According to the Institute for Health Metrics Evaluation (IHME) forecast, the life expectancy at birth of a Sri Lankan Male in 1990 was 65.6 years, rising up to 81.3 in 2100, and for Females, from 74.8 years to 87.2 years. (Forecasted data based on Global Burden of Disease 2017 results).

The health data analysis in the IHME database reveals in 2019, health care expenditure per person in Sri Lanka amounted to US$ 154 (average per capita), out of which Government Health spending only amounts to US$ 70.34 out of pocket expenditure the patient amounts to US$ 70.96. Balance paid by development assistance received from donor agencies. The plight of the Universal Health Care operation in the pre-pandemic era. In Sri Lanka, we benefited from the public healthcare system as a form of social security, and taxpayers have been footing the funding since our independence. IHME data reveals how the disease burden is passed on to the patient cutting down on the government health expenditure. And the question remains whether the amount spent by the government on the patient eased the financial hardship of the marginalised in their healthcare needs or filled up the pockets of a few agents who know how to take care of the policymakers’ interest.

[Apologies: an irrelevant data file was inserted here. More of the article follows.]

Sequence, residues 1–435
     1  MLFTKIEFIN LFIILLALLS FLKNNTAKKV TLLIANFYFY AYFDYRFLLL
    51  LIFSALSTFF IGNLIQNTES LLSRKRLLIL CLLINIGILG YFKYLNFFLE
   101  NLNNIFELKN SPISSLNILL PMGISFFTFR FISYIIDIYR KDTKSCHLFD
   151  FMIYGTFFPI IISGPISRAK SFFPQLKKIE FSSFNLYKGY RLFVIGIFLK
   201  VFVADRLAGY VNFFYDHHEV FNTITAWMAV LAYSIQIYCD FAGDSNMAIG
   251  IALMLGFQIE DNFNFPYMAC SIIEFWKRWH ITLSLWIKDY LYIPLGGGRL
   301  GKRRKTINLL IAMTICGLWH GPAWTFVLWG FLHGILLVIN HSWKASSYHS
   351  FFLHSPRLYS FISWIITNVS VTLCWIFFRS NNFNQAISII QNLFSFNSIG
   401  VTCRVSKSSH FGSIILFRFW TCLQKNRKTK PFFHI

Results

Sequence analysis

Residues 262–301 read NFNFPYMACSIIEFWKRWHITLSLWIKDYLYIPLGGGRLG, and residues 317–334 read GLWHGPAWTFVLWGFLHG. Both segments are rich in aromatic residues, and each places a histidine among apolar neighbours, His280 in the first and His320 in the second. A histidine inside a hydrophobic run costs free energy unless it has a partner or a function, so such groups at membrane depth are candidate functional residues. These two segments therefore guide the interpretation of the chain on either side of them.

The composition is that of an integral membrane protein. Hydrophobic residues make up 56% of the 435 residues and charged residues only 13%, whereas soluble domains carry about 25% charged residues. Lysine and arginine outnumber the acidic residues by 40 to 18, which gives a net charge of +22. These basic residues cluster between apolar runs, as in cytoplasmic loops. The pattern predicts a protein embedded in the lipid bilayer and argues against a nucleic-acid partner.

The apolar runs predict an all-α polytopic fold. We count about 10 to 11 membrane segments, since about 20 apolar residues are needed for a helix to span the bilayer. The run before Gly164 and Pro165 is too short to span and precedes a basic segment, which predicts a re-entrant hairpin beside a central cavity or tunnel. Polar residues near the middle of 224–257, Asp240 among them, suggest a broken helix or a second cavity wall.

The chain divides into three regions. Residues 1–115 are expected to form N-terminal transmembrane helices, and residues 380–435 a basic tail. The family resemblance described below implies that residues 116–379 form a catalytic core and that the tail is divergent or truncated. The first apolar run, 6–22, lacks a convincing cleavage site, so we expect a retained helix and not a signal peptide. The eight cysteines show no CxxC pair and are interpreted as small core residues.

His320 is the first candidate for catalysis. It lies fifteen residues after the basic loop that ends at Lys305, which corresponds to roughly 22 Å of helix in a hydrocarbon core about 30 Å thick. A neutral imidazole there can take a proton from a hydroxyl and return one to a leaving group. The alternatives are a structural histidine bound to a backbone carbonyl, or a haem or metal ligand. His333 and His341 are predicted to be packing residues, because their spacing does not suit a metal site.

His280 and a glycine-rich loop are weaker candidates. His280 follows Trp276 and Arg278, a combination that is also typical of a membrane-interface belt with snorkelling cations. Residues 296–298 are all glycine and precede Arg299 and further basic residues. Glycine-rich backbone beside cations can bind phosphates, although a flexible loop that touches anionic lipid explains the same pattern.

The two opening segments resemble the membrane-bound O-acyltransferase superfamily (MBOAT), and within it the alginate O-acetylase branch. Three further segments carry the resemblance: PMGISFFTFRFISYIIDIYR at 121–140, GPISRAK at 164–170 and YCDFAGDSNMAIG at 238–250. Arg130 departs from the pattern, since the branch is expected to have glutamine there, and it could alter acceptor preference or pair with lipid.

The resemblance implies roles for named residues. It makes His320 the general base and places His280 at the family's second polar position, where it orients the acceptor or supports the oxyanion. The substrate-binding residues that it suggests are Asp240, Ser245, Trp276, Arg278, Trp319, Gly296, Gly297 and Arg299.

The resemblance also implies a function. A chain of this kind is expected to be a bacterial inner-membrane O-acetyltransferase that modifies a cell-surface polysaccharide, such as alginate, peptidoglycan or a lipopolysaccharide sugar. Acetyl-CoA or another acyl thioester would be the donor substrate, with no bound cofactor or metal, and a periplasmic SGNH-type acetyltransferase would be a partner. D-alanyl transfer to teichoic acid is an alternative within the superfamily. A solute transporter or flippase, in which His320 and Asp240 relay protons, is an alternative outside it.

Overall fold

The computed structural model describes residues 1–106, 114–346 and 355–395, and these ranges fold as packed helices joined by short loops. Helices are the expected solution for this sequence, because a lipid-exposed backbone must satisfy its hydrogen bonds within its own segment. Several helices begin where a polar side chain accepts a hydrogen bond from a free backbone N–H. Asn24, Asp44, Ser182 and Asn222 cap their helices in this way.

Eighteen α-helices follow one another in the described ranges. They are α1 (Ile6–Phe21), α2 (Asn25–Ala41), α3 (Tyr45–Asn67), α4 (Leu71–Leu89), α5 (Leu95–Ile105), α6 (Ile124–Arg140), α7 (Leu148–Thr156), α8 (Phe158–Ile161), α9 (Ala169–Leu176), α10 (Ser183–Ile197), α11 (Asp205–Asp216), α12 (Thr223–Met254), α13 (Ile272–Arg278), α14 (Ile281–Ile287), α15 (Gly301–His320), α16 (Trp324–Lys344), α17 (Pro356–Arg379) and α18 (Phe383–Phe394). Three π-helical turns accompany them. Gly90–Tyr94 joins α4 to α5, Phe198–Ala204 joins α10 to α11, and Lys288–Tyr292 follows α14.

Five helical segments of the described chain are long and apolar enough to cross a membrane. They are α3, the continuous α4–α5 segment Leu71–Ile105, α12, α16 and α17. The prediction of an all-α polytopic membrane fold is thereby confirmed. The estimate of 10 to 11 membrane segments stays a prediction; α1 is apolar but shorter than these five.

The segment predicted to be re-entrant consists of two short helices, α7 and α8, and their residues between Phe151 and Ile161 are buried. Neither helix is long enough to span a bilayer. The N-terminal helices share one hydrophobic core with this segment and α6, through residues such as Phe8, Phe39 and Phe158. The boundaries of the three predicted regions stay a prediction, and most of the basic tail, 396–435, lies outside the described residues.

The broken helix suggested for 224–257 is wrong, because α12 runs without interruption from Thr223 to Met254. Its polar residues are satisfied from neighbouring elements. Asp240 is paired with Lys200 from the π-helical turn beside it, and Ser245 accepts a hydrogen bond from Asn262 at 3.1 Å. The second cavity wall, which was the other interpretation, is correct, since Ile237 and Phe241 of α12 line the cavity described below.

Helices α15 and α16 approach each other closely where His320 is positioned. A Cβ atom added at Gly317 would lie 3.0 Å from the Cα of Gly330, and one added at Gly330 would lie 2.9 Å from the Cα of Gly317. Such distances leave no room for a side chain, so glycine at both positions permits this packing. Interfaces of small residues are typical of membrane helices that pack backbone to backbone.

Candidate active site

The latest forecast of the global ageing population trends reveals that a male reaching 65 years in 2020 is expected to live for another 19 years, and a female will live for another 22 years. This trend is possible due to advances in the medical sciences and healthcare facilities. Now the question remains whether the Sri Lankan public health system is geared to meet the healthcare needs of the widening ageing population in the future.

Safeguarding the Social Security Systems for the Future 

Progressive socially conscious politicians such as T. B. Illangarathne, C P de Silva and Philip Gunawardena, under the leadership of Prime Minister S W R D Bandaranaike the MEP government, introduced the Employees Provident Fund (EPF) in 1958 as a form of social security system sharing the contributions between the employers and employees. Furthermore, the system upscaled with the introduction of the Employees Trust Fund in 1980 by the UNP government under the leadership of President J R Jayewardena with the wise counsellors of Minister Lalith Athulathmudali.